Affordable Care Act makes high deductible, low cost health plans, LESS affordable

Milliman Study on Affordable Care Act's MLR on High Deductible Health Plans

A new study, released February 13, 2012, confirms what we’ve known for a while, the Affordable Care Act’s Medical Loss Ratio (MLR) rule instead of making plans more affordable will make affordable plans more difficult to find.

Yesterday, a study conducted by Milliman, Inc, found that the MLR calculation is biased against high deductible plans (HDPs) such as those that offer Health Savings Accounts (HSAs). This bias will create disincentives for insurance companies to offer these low premium plans, and thus will reduce their availability to consumers.

The MLR simply determines what percentage of every insurance premium dollar is spent on health benefits. Under the regulation health insurers must spend no less than 80% to 85% of every premium dollar on “health improvement activities.”

But the MLR calculation is biased against HDPs because it does not take into account health claims paid by individuals and employers.

Recent articles have claimed that the Medical Loss Ratio rule would make it difficult1 or impossible2 for HDPs to operate in Obamacare’s Health Insurance Exchanges.

While the Milliman study does not paint the picture quite that bleak,3 it does make several observations about the negative impact of the MLR on HDPs. Here’s our summary of three of the reports major points:
1. The MLR makes it harder for HDPs to compete against higher-cost low-deductible plans. The MLR does not consider funds from a HSA as health improvement activities. This makes it harder for HDPs to meet the required minimum 80%-85% ratio compared to low-deductible plans. According to Milliman,

For high-deductible and HSA plans to be viable, both from a consumer and carrier perspective under the PPACA, an adjustment to the MLR formula for the impact of HSAs may be necessary.4

2. The MLR makes it difficult for HDPs to build reserves in low-claim years to balance out unexpected high-claim years. Because HDPs have high deductibles they may pay fewer claims, but when they do pay claims, they are higher-than-average in cost. The net effect is that HDP plans are more volatile than low deductible plans. Before the MLR, the “fat,” lower-than-average health claim years under HDP plans would make up for the “lean,” higher-than-average health claim years. Now, the MLR will make it more difficult for HDPs to prepare for the “lean” years because it will have to issue rebates in the “fat” years.5 The report states,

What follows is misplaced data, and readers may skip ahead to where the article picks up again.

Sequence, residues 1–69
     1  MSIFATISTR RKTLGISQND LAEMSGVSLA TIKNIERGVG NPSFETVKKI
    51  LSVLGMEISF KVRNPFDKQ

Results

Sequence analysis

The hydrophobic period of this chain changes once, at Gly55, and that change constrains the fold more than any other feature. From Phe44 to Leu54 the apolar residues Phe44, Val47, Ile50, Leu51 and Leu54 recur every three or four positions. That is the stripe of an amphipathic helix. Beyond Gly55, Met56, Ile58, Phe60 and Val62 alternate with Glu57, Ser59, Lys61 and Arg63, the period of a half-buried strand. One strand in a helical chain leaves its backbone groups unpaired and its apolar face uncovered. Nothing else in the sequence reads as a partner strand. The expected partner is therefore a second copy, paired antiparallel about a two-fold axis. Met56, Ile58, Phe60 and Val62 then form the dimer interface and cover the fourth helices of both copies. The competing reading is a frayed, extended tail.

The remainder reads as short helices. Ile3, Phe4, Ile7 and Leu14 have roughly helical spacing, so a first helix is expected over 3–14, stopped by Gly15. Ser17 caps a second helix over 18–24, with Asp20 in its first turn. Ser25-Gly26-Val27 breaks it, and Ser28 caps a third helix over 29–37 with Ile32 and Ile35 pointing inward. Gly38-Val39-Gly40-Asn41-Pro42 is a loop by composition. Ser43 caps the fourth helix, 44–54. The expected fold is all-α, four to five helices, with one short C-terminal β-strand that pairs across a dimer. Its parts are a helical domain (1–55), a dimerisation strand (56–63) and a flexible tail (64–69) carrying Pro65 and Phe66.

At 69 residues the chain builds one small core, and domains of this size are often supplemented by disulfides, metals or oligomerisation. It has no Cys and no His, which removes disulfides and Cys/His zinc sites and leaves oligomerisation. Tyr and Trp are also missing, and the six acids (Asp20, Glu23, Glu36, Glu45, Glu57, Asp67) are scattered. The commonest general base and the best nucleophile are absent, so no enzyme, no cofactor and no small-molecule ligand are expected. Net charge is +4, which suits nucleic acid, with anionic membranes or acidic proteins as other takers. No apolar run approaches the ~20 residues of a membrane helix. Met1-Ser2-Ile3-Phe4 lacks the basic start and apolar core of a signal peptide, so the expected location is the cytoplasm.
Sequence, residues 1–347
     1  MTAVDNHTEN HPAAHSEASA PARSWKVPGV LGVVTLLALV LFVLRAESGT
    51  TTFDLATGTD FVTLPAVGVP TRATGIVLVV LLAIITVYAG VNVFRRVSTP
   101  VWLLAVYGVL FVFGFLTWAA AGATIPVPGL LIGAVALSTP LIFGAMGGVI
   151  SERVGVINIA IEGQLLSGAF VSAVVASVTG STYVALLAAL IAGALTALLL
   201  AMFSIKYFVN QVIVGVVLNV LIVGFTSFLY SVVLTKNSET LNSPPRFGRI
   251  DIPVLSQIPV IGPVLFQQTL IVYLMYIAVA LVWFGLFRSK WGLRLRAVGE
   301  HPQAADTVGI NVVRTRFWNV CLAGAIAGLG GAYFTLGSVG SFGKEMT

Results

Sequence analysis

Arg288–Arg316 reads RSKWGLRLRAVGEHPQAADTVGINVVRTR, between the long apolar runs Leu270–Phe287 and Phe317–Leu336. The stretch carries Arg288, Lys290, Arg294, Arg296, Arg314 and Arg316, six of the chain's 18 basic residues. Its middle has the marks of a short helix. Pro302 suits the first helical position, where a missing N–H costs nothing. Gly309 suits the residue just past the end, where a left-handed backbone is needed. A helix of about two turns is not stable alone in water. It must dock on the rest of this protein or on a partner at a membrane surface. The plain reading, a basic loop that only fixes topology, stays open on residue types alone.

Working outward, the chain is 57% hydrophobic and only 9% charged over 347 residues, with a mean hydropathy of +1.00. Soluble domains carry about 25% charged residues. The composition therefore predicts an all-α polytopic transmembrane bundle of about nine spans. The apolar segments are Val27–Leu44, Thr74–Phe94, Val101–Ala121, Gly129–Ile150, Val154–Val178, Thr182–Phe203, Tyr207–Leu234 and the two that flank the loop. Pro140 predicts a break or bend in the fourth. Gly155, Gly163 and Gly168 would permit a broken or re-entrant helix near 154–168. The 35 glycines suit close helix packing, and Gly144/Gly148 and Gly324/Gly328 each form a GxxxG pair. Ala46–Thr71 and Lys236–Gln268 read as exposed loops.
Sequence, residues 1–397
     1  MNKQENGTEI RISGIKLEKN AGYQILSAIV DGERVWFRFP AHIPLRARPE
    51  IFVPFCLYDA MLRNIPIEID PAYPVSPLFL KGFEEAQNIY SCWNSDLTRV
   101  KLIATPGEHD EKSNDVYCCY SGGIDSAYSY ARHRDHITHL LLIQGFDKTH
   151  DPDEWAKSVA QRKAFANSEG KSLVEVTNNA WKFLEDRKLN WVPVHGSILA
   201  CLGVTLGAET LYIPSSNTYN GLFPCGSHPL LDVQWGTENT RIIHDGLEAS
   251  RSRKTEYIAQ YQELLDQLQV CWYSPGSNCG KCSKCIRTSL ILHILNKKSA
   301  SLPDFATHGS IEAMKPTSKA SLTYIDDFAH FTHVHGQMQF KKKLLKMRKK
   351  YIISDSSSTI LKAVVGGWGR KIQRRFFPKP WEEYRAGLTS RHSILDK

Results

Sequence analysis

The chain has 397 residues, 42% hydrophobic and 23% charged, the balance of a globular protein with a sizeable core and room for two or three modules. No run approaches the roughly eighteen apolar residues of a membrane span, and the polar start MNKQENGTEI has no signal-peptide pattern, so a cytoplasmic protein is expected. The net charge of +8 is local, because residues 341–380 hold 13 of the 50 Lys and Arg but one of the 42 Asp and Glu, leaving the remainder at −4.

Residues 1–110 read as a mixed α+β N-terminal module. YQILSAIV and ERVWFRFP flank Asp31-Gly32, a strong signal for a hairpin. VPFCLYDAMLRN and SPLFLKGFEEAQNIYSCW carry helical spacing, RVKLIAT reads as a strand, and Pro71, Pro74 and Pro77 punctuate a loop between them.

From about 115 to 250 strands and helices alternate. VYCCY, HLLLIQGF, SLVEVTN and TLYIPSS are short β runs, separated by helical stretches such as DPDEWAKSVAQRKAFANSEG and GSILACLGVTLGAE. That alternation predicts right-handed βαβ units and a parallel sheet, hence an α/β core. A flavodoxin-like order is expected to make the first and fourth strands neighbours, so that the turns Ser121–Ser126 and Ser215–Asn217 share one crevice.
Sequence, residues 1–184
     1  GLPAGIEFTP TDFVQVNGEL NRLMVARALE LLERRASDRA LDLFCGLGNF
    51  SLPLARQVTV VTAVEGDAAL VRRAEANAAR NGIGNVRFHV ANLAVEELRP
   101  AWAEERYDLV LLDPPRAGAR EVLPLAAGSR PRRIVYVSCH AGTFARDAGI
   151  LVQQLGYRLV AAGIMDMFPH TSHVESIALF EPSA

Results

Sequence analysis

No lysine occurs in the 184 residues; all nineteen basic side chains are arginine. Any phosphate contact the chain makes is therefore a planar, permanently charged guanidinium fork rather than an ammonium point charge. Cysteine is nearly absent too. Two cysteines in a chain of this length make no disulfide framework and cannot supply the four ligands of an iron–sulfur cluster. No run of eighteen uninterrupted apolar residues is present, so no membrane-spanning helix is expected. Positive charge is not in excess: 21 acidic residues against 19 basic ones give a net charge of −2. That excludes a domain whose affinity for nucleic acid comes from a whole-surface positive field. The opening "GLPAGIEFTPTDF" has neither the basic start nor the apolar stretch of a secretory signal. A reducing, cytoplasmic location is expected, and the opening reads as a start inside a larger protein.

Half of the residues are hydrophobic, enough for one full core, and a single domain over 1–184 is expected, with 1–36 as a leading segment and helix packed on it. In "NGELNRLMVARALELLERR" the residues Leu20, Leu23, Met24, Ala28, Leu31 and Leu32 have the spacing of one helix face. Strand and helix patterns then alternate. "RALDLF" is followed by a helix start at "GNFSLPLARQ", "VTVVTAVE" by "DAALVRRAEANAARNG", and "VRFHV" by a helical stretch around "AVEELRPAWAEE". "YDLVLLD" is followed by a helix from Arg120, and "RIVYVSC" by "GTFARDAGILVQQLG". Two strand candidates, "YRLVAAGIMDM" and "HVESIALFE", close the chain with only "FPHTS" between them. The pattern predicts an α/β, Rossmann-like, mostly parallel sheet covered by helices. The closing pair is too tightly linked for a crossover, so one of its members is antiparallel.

This is of particular concern for the year 2011 MLR rebate determination because the calculation includes only one year of experience. This is also true in 2012 for larger plans. In year 2013, three-year averaging takes place, which will help reduce, but not eliminate, this fluctuation rebate risk for high-deductible plans.6

3. The MLR creates disincentives for insurance companies to continue offering low cost HDPs. For the simple reason that HDP premiums are lower, HDP plans take in fewer dollars. This also means fewer dollars for administrative costs. The Milliman study demonstrates that the higher the deductible the more difficult it is for HDPs to maintain the mandated 80%-85% MLR standard. According to the report,

Under normal market conditions . . . total dollars of expenses are already lower for [high deductible] plans than for more expensive (i.e., higher-premium) plans. The MLR requirement results in the need to cut these expenses even more, which may create disincentives to offer such lower-cost plans, particularly if the insurer cannot generate reasonable risk margins.7

Interestingly enough Milliman also says that because deductibles are not indexed to medical inflation, HDP premiums will rise faster than those of low deductible plans. It argues that prior to the MLR, insurance companies had a mechanism to stabilize their loss ratio. But Obamacare’s “unreasonable” rate increase provisions and “the MLR one-sided rebate formula” make it more difficult for HDPs to maintain MLR stability than for low-deductible plans.

What all of this means for consumers is that, ironically, while the “Affordable Care Act” was sold to the public on the premise that it would lower the price consumers pay for insurance, it instead appears that it will make it difficult for affordable HDPs and HSAs to compete with higher-premium plans.

1 David Hogberg, “Obamacare Rule May Bar HSAs, Low-Cost Health Plans,” Investor’s Business Daily, (Dec. 7, 2011) available at
2 See Dan Perrin, “The New Medical Los Ratio Rule means No Bronze Plans, and No HSAs in ObamaCare Exchanges,” REDSTATE, (Dec. 5, 2012) available at This article seems to indicate that it will be impossible for HSA plans to meet the MLR standards. We are not yet convinced that this is the case. And it remains to be seen whether HSA plans will be able to exist in the Health Insurance Exchanges. Much depends on how employee and employer contributions are treated in calculating the “actuarial value” of the plans. (The actuarial value of a plan tells us the percentage of healthcare costs paid for by the health plan).
3 Perhaps, this is because Milliman does not examine the effect on HDPs that “actuarial value” minimums will have as mandated by the Health Insurance Exchanges.
4 Mark E. Llitow, et al., "Impact of Medical Loss Ratio Requirements Under PPACA on High Deductible Plans / HSAs in Individual and Small Group Markets," (Jan. 6, 2012) 3, available at, 8.
5 Milliman makes it clear that the MLR makes an adjustment for small, but not large, HDPs.
6 Supra note 4 at 3.
7 Id. at 6 (emphasis added).